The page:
Two scientists analyzed the article and estimate its overall scientific credibility to be 'high' to 'very high'. more about the credibility rating
A majority of reviewers tagged the article as: Accurate, Insightful, Sound reasoning.
This story in The Guardian covers a newly published study in the journal Nature on the environmental impacts of the food system as global population grows and diets change. The study examines possible changes including reducing the consumption of red meat (which has a large greenhouse gas and water footprint) and reducing the amount of food that spoils before it can be eaten.
The study concludes that “no single measure is enough to keep these effects within all planetary boundaries simultaneously, and that a synergistic combination of measures will be needed to sufficiently mitigate the projected increase in environmental pressures.”
This is similar to the recently released IPCC report on 1.5 °C warming, which states, “Decreasing food loss and waste and behavioural change around diets could lead to effective mitigation and adaptation options (high confidence) by reducing both emissions and pressure on land, with significant co-benefits for food security, human health and sustainable development, but evidence of successful policies to modify dietary choices remains limited.”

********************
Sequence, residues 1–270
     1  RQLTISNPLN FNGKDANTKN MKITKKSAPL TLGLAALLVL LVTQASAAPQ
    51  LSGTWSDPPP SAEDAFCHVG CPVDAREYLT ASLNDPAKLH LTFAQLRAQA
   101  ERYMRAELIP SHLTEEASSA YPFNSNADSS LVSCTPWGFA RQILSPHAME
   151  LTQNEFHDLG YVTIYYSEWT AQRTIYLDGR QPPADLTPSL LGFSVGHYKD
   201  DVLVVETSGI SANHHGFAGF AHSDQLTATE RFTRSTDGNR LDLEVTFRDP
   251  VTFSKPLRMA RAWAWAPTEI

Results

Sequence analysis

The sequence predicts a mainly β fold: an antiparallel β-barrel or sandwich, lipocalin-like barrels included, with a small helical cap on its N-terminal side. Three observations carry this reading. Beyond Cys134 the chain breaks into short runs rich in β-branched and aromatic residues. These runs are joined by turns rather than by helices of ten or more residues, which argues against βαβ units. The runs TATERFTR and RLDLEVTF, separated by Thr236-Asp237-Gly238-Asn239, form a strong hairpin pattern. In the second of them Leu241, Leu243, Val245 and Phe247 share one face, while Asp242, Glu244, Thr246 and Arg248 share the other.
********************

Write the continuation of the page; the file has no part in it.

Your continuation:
Two scientists who examined the Guardian article found that it accurately described the study’s conclusions.
Corné van Dooren, Researcher, The Netherlands Nutrition Centre:
Although the presented facts are clear, the scientists give a personal interpretation of the priorities and needed policies, which are not covered in the source. The data give added value, but are in line with earlier studies.
“Avoid climate breakdown”: Even when meat consumption is reduced, the climate effect will take place. And ‘avoid destroying’ in the subtitle is too strong. The authors state that a combination of measures will be needed to sufficiently mitigate the projected increase in environmental pressures.
Arnold Tukker, Professor, Leiden University:
If I have any critique is that it is old news. It has been shown zillions of times that reducing meat and dairy reduced climate change problems.
 See the rating guidelines used for article evaluations.
 Each evaluation is independent. Scientists’ comments are all published at the same time.